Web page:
Customer – Is anything more crucial to your survival in business than a customer? Is there anything worse than losing a customer? Anything more draining than a mad customer and anything more satisfying than meeting and surpassing a customer’s expectation? The heart of servant leadership is always focused on the customer and not the company.


And the best part of this metric is the power it possesses. When you lengthen the lifetime value of a customer, revenues increase without increasing your costs. Marginal advertising and customer service tend to also go down. When customers feel valued, they become less price sensitive, and they help you avoid having to compete on price.  Finally, when your lifetime value exceeds your competition’s lifetime value, your enterprise value grows exponentially given the increase in both cash flow and the EBITDA multiple. Who wouldn’t pay more for a 25-30% higher length of tenure than your competition?


So keep swiveling but never lose sight of the lifetime value of your customers.

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How to have a Good Day – The day after Labor Day

When you come across information that combines behavioral science and workplace issues, share it. Here’s the first of several installments on Caroline Webb’s new book, How to have a Good Day.


When you aim to stay focused on your attitude and then pay attention to your most important goals, your day brightens.

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Getting Back on the Podium

Phelps and BowmanNow that the Olympics are over, what do you remember? For me it was a how hard it is to repeat as the Gold medal winner in successive Olympics. We are sure to remember Michael Phelps and Usain Bolt, but what about Gabby Douglas and Missy Franklin?

That got me to wondering about what makes a difference? Certainly age and competition drive our ability to compete. But I think something that is rarely noticed is that after the Olympics, star performers go back to work with someone by their side, a coach. Coaches Bob Bowman and Glen Mills have already scheduled time with their pupils to go over what went well and what could be improved. They will next go over their student’s goals and start charting a plan to get them back to the top again.

How many of us have major successes followed by recognition then the slow fade? Perhaps it’s due to lack of having a coach or an accountability partner to go over our successes in a way that allows us to move to the next success. What I have found in researching successful businesses and their leaders is that the success breeds coaching first and not the other way around. Successful people always seek coaches, while less successful people think they can’t afford one.

So the next time you have a success, think of Usain Bolt. Picture: Usian running sprints pulling a tire under the careful eye of  Coach Mills. I can hear Bob Marley in the background singing, “The fastest Mon is 31, The Fastest Mon… he ain’t done!”Bolt and Mills 2

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Touch Matters

staying in touchThank you “Black Lives Matter,” for reminding me of the message of Romans 8:28: “And we know that all things work together for good to them that love God, to them who are called according to his purpose.”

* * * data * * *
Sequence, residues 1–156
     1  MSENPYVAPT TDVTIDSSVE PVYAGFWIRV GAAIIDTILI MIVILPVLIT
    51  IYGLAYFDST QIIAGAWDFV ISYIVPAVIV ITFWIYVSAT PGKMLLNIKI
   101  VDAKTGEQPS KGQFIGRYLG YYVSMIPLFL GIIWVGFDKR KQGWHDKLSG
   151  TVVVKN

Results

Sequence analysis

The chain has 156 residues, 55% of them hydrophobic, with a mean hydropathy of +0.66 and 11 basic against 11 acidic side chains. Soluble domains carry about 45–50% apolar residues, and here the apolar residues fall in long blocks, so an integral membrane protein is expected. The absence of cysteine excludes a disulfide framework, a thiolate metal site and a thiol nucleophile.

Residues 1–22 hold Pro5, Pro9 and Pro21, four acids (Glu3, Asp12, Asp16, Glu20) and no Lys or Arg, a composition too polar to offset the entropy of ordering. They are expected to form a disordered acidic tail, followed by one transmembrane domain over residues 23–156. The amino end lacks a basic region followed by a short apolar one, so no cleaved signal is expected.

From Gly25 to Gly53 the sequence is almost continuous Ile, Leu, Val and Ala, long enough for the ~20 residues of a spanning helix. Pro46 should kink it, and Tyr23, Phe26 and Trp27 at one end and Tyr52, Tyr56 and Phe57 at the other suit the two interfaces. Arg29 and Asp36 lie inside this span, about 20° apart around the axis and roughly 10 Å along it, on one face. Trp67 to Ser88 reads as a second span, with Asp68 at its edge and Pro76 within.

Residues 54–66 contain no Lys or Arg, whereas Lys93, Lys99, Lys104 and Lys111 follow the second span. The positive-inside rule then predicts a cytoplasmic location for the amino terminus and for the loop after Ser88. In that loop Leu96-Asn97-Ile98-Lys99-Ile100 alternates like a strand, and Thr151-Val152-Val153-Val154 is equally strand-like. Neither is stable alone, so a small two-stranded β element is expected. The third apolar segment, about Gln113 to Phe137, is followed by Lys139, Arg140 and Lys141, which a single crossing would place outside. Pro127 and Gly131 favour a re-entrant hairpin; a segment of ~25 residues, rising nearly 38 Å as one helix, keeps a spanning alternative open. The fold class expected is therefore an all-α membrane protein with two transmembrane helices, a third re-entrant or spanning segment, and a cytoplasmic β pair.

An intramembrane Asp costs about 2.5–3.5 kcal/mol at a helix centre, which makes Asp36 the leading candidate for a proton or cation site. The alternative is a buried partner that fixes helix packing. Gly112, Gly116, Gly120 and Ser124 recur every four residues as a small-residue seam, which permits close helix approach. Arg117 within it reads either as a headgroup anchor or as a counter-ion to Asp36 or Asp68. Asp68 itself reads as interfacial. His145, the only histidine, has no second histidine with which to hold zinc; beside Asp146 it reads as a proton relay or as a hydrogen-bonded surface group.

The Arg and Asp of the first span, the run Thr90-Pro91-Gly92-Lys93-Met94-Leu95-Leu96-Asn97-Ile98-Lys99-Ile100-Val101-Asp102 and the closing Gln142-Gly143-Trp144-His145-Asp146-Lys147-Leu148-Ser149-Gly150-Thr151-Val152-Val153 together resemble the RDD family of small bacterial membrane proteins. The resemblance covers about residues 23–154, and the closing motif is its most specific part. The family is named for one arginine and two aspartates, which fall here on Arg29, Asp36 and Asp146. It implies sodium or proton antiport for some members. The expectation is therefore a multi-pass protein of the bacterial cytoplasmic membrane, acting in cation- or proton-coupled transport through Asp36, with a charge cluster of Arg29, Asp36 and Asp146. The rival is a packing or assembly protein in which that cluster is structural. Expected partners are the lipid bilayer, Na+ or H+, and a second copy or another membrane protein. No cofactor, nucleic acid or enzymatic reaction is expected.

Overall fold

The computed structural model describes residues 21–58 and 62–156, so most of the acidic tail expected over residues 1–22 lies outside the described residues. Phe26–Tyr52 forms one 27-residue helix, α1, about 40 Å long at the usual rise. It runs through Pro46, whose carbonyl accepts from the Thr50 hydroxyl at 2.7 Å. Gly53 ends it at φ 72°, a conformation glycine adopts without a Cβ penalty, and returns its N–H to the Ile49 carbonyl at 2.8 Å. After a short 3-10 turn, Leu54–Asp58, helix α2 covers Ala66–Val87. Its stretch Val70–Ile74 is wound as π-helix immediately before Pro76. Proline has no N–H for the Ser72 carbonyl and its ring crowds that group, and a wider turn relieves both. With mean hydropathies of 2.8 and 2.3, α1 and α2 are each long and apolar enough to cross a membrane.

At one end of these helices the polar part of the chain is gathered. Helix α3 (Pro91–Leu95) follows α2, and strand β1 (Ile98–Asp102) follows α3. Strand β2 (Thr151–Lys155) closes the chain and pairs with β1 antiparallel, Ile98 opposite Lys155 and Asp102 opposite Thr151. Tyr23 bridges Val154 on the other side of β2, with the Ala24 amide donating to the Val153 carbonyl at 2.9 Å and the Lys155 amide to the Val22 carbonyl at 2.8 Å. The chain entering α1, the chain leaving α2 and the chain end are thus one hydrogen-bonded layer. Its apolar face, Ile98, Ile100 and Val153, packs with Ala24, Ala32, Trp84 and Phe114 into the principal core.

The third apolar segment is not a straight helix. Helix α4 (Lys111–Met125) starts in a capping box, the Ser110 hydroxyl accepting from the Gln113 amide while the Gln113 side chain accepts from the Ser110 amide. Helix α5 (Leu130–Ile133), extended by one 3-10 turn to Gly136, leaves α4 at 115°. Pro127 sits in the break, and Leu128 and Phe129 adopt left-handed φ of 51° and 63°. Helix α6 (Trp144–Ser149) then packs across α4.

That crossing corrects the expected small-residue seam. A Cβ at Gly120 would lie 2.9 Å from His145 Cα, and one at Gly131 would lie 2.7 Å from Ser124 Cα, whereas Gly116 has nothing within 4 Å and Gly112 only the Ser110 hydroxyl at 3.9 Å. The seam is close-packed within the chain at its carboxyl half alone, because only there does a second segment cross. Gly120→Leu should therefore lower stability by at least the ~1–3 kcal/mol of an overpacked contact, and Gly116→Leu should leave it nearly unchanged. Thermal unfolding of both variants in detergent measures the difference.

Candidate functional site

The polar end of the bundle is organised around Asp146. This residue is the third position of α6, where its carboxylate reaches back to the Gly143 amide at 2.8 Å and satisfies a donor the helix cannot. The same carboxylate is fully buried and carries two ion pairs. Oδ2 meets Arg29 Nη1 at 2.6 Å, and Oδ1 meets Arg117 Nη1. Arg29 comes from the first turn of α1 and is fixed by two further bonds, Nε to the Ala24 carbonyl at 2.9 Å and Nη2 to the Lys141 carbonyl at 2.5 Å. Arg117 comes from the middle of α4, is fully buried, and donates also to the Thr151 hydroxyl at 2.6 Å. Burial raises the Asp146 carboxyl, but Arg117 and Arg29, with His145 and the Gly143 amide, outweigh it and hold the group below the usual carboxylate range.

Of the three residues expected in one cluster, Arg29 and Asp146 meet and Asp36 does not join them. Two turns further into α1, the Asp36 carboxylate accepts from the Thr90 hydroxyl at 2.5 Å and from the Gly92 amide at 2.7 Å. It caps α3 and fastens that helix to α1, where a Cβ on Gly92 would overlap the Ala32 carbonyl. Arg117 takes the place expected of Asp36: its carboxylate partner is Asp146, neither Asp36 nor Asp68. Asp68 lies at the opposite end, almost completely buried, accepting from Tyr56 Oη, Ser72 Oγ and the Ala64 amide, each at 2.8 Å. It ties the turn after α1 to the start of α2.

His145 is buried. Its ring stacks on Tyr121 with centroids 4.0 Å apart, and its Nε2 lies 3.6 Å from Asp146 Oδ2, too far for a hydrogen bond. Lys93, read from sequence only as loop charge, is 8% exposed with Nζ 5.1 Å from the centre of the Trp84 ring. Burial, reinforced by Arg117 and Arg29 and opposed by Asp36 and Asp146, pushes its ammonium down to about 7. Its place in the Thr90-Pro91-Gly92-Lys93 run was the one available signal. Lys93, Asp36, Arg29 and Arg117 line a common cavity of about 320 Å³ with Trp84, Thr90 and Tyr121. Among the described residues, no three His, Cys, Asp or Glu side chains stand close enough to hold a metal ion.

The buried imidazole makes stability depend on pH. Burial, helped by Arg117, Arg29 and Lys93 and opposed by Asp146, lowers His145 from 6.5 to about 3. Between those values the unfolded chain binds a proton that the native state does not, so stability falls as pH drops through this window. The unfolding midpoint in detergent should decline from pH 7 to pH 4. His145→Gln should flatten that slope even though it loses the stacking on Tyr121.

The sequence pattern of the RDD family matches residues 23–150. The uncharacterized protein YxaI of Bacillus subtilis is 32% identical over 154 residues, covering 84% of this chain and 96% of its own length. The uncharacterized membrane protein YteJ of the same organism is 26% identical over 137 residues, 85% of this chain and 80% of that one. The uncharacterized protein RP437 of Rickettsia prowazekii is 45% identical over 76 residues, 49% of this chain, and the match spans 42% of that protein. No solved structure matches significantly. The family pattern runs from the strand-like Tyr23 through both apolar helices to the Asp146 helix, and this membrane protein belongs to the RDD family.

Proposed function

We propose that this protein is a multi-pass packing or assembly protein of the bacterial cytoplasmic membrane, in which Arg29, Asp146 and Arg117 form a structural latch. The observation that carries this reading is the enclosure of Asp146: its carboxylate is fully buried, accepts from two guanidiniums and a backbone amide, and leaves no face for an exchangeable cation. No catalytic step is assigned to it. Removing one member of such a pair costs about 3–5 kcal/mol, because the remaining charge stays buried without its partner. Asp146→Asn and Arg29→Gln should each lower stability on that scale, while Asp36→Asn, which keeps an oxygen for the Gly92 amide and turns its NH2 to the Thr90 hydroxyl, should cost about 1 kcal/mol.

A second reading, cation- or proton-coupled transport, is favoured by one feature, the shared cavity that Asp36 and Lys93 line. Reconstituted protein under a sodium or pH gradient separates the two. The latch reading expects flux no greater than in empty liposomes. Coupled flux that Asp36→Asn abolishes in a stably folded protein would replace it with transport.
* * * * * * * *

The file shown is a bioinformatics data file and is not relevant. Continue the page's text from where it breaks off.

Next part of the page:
Like Water ‘gate’ before it, their phrase has sparked a whole genre of __________ Matters. And while I disagree with the Black Lives premise, their phrase sparked me this morning to write about something that really does matter to me, Touches.

Touches are actions that define what or who is important to you. Physical touches, politically and legally incorrect in today’s EEOC environment, gently let people know you notice them. I often joke in my sexual harassment workshop that my dad would never survive one month in today’s environment because he was a notorious “toucher.”  My dad’s touch was endearing, as I found out from so many strangers at his funeral.

Touches, in a business sense, let your customers/vendors know you are thinking about them. I call some members of a chamber where I work just to say hello and see if we can do anything for them. Invariably, they have very few requests, and most literally tell me they are “touched” by my thoughtfulness. When business relationships die, an autopsy usually reveals a lack of staying “in touch” as a major contributing factor.

The same is true with friendships. My active friendships have a common thread, we both stay in touch. One way touches usually fade in my experience. I have been on both sides of this equation and must admit that my non-responses are to blame for some faded friendships. Mirror time again!

Touches are not big things: a note, a quick text, a phone call. Yet they are really are THE BIG THING.  In the end most of us will leave this earth with only one category of regret. We will miss the relationships we have built and the gentle touch of a loved one. So make sure each day includes building your relationships, one touch at a time. It WILL matter and your touches will all work for the good! 🙂

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Putting your brain in the fast lane!

Here’s a power tip on how to combine old technology with modern brain research and increase your productivity big time.


If you are like me, you probably hear Joe Walsh tearing it up in the background. Love that riff!